To what extent can contemporary socialist economies be reformed by the introduction of markets? The question is usually debated in either a Chinese or an East European context; this collection of eleven essays is unique in taking the first steps toward a comparative analysis.
Twenty years of experience with reforms in Hungary and a decade of experimentation with reforms in China proivde a critical mass of evidence for analyzing the problems endemic to cnetrally planned economies and the dilemmas faced in efforts to reform them. In reflecting on the Chinese and East European experiences, these essays trace the shift from a conception of reform as a mix of planning and makrets within the state sector to a socialist mixed economy with implications for the emergence of new social groups and autonomous social organizations.
The essays exemplify a new perspective in the study of state socialism that changes the focus from ideologies to economic institutions, examining how the activities of subordinate groups place limits on the power of state elites.
The authors include scholars who have shaped debates in Eastern Europe and whose work is now stimulating much discussion in China, as well as representatives of a younger generation of economists, sociologists, and political scientists writing on the basis of field research recently conducted in factories, cities, and villages in China and Eastern Europe. The contributors are: Wlodzimierz Brus, Walter D. Connor, Zhiren Lin, Victor Nee, Susan Shirk, David Stark, Ivan Szelenyi, and Martin King Whyte.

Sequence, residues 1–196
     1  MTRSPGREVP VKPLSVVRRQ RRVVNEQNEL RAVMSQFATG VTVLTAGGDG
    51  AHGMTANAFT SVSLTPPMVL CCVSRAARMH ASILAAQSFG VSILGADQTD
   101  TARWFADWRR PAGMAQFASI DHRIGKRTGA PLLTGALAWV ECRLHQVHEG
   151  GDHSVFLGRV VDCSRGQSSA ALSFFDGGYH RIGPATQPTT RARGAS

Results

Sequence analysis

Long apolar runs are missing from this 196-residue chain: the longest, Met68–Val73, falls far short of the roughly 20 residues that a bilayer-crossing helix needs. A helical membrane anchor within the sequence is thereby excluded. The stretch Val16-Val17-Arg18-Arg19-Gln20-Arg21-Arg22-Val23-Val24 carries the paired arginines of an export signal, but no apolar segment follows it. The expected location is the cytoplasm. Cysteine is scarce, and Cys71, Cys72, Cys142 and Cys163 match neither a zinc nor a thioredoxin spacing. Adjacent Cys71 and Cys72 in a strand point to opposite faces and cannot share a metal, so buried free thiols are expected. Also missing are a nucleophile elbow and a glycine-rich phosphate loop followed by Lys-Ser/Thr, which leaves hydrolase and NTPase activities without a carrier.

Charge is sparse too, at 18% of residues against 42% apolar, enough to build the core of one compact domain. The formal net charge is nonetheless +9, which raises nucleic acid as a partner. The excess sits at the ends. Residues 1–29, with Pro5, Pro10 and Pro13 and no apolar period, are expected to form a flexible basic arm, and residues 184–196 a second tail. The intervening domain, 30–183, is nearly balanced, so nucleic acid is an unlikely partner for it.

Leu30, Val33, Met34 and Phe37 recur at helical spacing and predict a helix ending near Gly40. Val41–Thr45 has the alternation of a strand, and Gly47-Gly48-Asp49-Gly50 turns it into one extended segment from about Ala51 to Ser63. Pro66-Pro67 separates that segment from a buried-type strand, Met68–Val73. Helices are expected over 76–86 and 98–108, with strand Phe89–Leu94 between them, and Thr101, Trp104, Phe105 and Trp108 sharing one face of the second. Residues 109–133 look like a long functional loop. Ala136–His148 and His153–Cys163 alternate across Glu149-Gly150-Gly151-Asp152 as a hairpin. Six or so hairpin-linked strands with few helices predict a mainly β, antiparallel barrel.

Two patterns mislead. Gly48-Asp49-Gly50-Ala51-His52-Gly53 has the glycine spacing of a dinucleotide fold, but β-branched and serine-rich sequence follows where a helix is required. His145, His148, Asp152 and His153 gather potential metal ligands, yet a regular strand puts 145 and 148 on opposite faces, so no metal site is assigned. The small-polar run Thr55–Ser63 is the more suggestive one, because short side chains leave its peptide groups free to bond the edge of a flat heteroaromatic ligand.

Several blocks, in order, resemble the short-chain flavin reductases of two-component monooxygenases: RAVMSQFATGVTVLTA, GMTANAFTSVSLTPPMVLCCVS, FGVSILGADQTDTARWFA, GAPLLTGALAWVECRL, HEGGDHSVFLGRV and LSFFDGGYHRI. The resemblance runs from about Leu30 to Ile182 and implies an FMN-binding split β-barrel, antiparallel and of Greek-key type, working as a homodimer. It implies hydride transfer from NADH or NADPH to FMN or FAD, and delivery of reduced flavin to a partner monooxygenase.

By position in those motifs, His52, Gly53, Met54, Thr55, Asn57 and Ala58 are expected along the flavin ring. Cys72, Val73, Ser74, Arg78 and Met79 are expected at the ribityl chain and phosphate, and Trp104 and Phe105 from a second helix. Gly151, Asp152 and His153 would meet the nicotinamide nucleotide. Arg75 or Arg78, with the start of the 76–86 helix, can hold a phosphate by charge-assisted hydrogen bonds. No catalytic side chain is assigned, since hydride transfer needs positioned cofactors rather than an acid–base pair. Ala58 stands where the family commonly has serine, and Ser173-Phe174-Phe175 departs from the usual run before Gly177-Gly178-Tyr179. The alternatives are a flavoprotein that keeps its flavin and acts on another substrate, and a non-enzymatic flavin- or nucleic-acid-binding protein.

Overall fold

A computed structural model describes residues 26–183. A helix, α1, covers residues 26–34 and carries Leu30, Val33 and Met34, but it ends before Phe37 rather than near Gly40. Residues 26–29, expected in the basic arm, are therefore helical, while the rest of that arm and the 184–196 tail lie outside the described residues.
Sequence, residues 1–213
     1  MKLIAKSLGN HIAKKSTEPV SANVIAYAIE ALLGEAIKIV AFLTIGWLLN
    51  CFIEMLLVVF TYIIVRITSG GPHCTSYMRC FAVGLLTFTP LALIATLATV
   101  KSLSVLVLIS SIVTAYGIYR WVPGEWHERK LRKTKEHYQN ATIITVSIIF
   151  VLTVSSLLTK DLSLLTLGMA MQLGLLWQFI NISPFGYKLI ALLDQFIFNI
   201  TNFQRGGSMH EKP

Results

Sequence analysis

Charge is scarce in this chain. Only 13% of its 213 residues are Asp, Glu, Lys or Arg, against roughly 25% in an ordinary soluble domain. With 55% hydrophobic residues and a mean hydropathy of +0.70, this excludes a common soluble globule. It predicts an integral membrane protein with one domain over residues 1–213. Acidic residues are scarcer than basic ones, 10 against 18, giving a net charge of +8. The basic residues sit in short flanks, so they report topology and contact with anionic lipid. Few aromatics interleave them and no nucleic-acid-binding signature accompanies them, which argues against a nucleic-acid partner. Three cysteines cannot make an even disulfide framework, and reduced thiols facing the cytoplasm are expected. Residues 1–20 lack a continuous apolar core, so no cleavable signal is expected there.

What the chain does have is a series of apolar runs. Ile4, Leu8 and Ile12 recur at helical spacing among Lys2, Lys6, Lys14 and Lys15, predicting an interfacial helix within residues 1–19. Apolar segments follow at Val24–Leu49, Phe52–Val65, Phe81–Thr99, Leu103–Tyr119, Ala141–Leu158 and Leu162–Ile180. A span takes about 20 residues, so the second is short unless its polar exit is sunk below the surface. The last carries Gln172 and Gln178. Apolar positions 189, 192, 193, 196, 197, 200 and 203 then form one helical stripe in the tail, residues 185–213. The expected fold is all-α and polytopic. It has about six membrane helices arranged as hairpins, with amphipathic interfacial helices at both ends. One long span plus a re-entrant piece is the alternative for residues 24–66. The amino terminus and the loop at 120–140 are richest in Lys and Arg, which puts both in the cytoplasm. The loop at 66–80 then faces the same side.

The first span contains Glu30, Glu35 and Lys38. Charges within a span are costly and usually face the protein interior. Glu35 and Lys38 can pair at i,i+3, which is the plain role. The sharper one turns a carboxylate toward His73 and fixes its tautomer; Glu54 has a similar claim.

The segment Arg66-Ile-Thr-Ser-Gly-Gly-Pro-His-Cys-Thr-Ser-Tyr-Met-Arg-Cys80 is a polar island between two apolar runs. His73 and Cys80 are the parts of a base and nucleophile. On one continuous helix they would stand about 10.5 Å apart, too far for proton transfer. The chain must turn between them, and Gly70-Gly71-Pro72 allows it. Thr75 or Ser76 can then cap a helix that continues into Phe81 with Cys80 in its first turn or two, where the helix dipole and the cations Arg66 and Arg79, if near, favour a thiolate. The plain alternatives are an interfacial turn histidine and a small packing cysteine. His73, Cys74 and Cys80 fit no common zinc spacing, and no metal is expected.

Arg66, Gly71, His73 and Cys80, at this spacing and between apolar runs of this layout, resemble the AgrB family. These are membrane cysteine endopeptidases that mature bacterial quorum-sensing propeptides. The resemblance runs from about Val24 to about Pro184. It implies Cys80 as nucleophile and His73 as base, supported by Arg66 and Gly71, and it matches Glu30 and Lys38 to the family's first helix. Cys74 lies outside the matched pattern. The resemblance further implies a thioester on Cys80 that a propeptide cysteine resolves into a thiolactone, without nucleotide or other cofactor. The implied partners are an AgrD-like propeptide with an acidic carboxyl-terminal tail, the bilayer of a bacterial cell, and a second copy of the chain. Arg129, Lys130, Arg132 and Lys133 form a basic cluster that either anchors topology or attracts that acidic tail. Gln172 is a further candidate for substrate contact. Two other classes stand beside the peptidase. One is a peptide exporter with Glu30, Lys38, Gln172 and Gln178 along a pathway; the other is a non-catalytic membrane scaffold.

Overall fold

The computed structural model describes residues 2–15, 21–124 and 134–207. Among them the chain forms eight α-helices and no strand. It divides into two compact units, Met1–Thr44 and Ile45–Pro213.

An introductory essays surveys recent theories and research on state socialism and outlines a new institutional perspective for understanding the dilemmas of partial reforms, the political cycles of reform and retrenchment, and the role of subordinate groups in stimulating changes outside the state sector.
About the Author
Victor Nee is Professor of Sociology at Cornell University.
David Stark is Assistant Professor of Sociology at the University of Wisconsin.